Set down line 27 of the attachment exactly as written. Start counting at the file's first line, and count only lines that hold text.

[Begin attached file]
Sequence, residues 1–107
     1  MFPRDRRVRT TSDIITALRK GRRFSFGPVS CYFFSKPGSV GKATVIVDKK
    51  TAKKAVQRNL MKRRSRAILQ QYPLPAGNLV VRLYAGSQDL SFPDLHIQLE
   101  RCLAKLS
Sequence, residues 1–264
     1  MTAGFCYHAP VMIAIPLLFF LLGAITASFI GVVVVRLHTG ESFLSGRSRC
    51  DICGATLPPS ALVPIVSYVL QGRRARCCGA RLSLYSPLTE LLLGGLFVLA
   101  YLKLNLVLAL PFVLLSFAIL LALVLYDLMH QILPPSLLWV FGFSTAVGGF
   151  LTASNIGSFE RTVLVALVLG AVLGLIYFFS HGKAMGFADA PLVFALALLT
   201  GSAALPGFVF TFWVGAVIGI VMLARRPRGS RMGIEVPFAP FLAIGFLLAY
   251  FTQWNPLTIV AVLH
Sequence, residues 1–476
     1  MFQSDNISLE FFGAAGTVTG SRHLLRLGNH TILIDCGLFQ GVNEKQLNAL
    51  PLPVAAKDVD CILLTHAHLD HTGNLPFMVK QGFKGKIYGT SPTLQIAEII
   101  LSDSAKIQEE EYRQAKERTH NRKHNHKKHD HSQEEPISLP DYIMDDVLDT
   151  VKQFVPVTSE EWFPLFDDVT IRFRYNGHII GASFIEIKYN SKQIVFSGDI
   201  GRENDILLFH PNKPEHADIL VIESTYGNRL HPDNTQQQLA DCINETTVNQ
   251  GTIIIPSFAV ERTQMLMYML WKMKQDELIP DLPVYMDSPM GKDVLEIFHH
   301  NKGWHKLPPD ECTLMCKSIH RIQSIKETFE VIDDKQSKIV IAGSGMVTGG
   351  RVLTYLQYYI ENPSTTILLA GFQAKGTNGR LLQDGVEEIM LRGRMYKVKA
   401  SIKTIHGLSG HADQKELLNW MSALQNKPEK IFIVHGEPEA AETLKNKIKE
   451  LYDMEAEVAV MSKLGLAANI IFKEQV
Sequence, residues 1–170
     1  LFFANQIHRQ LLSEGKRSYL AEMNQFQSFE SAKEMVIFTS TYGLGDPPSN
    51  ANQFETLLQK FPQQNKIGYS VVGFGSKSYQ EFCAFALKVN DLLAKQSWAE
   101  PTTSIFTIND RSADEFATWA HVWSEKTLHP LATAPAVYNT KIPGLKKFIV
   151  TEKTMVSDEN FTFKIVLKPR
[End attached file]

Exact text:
   151  TEKTMVSDEN FTFKIVLKPR